Ironically the University of Adelaide and the AWRI are planning a radical research vineyard and teaching and research winery expansion to primarily explore among other things, the genetic and physiological control of the grape vine to reliably produce better quality wines in a warming climate.

On the one hand our major research and education institutions are looking to a future defined by climate change, relying on research of grape vine genetics and physiology to provide amelioration and on the other hand CSIRO and Wine Australia have combined to decimate the existing capacity in those valuable disciplines.

We need to do better than that.

The Australian wine community deserves better than that but only if it gets on with the type of levy reform proposed here.


  • AA says:

    Hot tip: Wine Australia were not significantly cutting funding, it was a convenient excuse for CSIRO. The viti staff at CSIRO who lost their jobs know that too, but it doesn’t make the cut hurt any less. Unfortunately as a government agency, Wine Australia can not go on a public tic for tac in the media forum with CSIRO so only one side of the story is published.

  • Leslie Krake says:

    I was also shocked and disappointed to hear the extreme cuts to staffing of the CSIRO Wine Science team at Urrbrae. It reminds me of similar cuts made to the Climate Science Group when the current CEO Larry Marshall was first appointed. Those cuts were made on the grounds that the problem was proven and later partially reversed after acknowledging his mistake, which still has a lasting impact.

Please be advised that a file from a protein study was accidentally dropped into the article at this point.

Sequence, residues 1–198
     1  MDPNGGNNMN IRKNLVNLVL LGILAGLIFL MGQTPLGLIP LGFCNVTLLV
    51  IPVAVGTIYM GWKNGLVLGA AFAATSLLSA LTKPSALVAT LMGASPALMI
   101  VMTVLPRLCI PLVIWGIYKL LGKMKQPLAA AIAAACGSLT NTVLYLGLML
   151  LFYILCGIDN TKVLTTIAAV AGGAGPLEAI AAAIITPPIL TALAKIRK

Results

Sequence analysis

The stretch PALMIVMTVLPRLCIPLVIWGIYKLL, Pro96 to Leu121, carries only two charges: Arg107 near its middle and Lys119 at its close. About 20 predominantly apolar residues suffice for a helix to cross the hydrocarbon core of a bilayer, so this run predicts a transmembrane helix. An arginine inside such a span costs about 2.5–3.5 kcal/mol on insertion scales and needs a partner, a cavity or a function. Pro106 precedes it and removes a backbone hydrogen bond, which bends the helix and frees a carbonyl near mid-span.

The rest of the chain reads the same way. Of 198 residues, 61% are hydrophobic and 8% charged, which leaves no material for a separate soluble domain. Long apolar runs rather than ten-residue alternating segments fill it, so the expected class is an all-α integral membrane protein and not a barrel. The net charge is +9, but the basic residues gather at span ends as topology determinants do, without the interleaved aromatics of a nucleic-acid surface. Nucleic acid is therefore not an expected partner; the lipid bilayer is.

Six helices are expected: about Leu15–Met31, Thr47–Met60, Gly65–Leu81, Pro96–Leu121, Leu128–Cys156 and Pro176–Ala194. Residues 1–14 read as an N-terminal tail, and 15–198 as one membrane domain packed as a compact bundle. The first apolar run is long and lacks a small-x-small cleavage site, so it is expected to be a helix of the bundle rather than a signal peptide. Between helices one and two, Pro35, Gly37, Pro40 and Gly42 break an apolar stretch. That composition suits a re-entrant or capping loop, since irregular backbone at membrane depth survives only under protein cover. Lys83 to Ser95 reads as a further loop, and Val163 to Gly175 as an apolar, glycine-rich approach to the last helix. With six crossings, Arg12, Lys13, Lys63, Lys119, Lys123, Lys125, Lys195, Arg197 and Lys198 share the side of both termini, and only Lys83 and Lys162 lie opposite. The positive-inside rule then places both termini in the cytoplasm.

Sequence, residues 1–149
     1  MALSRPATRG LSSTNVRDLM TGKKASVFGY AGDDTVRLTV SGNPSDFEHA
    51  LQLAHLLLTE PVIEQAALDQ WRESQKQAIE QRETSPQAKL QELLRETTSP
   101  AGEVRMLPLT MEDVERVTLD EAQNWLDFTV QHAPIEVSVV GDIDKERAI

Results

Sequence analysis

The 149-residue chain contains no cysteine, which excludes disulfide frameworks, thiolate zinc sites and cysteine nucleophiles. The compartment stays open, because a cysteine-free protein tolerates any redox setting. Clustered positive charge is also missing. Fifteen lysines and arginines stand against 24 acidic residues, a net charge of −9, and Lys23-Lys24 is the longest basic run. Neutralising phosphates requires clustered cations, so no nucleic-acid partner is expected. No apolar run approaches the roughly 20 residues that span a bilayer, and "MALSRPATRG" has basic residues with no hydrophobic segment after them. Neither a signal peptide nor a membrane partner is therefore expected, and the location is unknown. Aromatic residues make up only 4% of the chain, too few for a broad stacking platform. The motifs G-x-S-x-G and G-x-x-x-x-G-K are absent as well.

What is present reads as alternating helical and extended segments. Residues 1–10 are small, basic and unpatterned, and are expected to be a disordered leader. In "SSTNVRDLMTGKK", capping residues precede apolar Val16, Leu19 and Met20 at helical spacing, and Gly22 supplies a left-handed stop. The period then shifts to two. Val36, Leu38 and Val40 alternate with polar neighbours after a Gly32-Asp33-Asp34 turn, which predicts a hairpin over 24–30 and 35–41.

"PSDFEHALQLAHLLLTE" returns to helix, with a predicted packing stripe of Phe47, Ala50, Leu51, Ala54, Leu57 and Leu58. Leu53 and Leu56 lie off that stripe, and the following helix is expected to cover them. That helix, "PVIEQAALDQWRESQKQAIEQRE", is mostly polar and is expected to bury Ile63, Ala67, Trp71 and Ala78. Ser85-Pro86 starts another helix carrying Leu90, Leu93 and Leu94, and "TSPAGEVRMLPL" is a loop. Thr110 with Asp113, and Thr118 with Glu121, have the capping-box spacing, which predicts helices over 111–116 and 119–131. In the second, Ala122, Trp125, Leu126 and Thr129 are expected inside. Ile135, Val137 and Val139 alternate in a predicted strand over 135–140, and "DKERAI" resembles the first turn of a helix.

As a former member of the Grape & Wine group (retired in 2005), I’am familiar with their dedication as world-class researchers and their value to the Australian Wine Industry. I’am totally disgusted with the contemptuous way that CSIRO has treated so many dedicated, long serving and productive staff.

    L. R. Krake

  • John Ward says:

    What is wrong with the thinking at Wine Australia.This program of breeding wine grapes that are resistant to powery and downey midew is the most signeficant advance in the wine grape industry in the last 70 years. as well as the added bonus of colour over double that of Shiraz Vinifera. I do hope someone else takes theproject forward. Rgards John Ward Winegrape grower Swan Hill Victoria

  • D.M. Gadoury says:

    News of the recent cuts at CSIRO Adeliade has been quite difficult to understand on my side of the pond. I’m a plant pathologist at Cornell University, and have worked with the CSIRO team since 1998. Management programs now used worldwide to effectively suppress major grapevine diseases came directly out of those international efforts. Some breakthroughs came quickly, while others required decades to develop. If not for those efforts, abilities to meet the challenges posed by major diseases of grapevines, as well as abilities to meet future challenges posed by a changing climate, would be crippled worldwide.

    Over-emphasis on rapid return on investment is a policy at odds with the demonstrated benefits accrued over the history of science. It is antithetical to solving both long-term AND short-term problems. It assumes that one has the gift of prophecy, and knows beforehand from where a high-impact discovery will come. Why would CSIRO sacrifice the capacity of those best able to help you solve both present and future problems?